Kodeclik Blog

How to make a Roblox game

We will be using Roblox Studio and the starter Obby to make our very own roblox game. If you don’t have Roblox Studio you can download it for free at: https://www.roblox.com/create. Once you have logged in/signed up, go to the “New” tab and select “Obby”. We will be using this game as a starter for our very own!
We will extend this game to add a moving platform and a bomb. The goal of this extension will be for the player to get onto the moving platform, then jump on the bomb, and before it goes off, jump to safety!

Beginning your setup

The first thing we will do after opening our game in Roblox Studio is to add some new parts for our extensions. Click the part button and insert a block. Use the move tools to move it in front of the final checkpoint. Scale it to be a bit bigger and click the material button to change the material to neon. Your project should look like the picture below:

Adding more parts

Next, let us add two more parts. Add a part identical to the part you just added but instead of a random color, make the color red (remember the material must be neon). Next, click on one of the checkpoints (shift click to select the blocks around it) and the blocks should show up in the Explorer Menu. If you do not see the Explorer menu with all the parts, go to the top menu, click “View”, and click the very first option labeled “Explorer”.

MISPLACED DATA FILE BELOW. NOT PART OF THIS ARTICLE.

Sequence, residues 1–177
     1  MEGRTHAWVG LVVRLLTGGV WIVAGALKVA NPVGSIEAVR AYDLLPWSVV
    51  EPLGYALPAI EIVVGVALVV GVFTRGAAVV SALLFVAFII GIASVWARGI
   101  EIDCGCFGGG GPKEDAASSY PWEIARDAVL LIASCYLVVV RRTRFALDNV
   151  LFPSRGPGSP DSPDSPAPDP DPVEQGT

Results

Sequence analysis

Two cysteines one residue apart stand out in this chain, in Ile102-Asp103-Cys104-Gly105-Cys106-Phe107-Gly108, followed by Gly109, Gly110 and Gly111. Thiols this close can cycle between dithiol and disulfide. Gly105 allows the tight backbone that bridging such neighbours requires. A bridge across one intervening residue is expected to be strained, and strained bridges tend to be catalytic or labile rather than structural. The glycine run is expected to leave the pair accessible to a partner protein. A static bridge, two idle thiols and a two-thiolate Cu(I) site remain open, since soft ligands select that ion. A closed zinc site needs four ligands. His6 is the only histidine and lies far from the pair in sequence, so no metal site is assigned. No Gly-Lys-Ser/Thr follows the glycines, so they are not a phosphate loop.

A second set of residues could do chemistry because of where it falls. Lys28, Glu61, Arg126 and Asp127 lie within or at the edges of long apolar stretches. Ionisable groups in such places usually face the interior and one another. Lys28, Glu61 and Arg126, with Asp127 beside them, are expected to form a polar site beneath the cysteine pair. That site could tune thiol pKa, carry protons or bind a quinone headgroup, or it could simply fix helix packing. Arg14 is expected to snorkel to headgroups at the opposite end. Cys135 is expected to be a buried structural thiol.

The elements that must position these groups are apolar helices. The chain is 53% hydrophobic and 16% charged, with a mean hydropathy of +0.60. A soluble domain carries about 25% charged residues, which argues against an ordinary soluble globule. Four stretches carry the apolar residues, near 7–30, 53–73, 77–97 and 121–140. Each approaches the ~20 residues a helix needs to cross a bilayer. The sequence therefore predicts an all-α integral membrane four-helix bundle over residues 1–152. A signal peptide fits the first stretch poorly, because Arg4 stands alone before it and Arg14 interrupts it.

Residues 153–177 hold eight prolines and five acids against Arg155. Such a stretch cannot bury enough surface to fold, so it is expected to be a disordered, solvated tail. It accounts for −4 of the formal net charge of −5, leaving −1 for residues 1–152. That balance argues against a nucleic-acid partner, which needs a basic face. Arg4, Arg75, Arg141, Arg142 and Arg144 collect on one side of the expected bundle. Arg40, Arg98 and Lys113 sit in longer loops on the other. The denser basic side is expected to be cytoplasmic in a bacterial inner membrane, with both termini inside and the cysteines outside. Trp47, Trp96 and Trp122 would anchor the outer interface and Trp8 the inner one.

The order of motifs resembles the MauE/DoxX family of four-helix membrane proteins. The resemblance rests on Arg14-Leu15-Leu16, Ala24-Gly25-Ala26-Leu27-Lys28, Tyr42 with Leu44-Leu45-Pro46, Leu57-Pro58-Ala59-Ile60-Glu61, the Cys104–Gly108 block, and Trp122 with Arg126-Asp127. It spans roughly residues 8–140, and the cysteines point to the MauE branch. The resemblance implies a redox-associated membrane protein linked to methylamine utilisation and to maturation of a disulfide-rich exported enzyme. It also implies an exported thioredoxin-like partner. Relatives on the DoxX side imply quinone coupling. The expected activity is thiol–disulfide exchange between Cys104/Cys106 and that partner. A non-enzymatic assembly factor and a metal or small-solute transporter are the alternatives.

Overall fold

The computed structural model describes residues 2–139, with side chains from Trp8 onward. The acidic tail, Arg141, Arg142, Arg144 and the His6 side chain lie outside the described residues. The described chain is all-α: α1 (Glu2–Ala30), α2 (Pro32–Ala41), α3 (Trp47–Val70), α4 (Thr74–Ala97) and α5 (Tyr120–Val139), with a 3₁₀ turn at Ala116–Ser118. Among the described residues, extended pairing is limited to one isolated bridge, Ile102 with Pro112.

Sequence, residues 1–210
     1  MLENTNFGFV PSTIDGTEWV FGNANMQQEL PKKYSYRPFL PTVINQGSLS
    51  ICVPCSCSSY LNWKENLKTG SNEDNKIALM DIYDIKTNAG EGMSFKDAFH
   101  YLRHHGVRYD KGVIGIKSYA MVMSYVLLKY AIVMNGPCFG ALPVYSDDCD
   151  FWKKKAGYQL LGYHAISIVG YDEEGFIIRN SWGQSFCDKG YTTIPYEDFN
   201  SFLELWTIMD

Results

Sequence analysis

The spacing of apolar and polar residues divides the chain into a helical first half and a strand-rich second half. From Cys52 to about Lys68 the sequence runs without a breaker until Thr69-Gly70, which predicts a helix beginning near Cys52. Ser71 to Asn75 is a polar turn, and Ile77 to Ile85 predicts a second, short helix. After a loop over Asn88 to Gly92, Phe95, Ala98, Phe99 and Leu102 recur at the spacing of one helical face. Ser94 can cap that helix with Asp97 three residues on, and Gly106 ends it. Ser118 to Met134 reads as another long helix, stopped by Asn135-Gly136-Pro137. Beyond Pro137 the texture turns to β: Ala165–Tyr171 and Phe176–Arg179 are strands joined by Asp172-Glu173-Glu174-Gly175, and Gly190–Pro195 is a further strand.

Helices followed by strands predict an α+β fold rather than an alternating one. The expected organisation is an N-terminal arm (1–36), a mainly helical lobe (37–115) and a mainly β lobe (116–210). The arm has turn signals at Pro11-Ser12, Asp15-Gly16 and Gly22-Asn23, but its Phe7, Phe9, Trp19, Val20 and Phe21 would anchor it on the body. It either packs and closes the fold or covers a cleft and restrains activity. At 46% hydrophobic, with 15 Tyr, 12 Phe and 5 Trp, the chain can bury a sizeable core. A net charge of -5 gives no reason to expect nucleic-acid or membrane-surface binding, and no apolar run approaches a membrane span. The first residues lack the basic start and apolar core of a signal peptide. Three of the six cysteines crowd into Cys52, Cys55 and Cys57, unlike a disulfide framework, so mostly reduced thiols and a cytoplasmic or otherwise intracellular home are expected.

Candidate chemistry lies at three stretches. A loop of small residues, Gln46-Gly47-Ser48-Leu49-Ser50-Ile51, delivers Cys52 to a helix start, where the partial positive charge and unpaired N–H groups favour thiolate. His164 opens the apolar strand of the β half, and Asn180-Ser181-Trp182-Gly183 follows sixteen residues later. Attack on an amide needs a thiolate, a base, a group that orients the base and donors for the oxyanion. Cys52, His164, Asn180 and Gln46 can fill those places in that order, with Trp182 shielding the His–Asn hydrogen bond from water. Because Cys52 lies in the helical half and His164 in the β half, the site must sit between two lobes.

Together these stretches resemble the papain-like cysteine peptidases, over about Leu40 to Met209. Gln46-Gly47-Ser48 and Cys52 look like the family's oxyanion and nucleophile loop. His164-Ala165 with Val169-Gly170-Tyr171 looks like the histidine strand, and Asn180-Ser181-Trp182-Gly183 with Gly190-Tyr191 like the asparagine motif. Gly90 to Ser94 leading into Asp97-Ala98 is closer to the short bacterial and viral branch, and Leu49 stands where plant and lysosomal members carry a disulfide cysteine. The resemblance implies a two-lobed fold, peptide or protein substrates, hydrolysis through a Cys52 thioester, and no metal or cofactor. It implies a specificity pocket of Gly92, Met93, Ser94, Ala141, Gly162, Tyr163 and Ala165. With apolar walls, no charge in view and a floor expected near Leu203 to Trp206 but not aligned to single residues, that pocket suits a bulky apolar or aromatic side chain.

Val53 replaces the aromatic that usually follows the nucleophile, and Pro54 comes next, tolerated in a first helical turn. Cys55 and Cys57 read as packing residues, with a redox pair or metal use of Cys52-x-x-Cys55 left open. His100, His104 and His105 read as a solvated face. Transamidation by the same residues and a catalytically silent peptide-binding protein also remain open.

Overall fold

Once the checkpoint opens up in the Explorer Menu, right click on it and select Duplicate (Alternatively you could copy and paste the parts using command/control c and v). Drag the duplicated checkpoint in front of the neon red part added before.
Note: All the added blocks must be within jumping distance of each other.

Renaming your parts

Let us rename these parts for better reference. To rename, right click on the object in the Explorer Menu and click “Rename”. To locate a part in the Explorer Menu, remember to click on it in the editing window and it will show up. Rename the first part to “Moving Brick”, rename the second part to “Bomb”, and rename the third and final part (the duplicated checkpoint) to “End” (Unless of course you are going to add more to this Obby after this project!).
Since we are adding our extension to the end of the game, to test our project it would be cumbersome to start at the beginning and take minutes of parkour and respawning to just test a part of our game. To fix this problem let us move the start block where we want to test our game as shown below. Since we have this feature, remember to test your game at regular intervals!

Making the game interesting

Now let us think about what we would like to do. To start, let us make the Moving Brick turn invisible. Then, when we step on a checkpoint part it will be shown again. Go to the Properties Menu (go to “View” and then “Properties” to open it) and set the transparency to one. Also set CanCollide and CanTouch to false. Run your game and you will not be able to see or even touch the block.
Next, create a script by right clicking on Moving Brick and delete any code already in there. Name this script (Right click on the script to rename) “Moving”. We want the part to move along the X-axis so we will create a variable called pos storing the initial position. Then, we will add or subtract to the X-value to move it.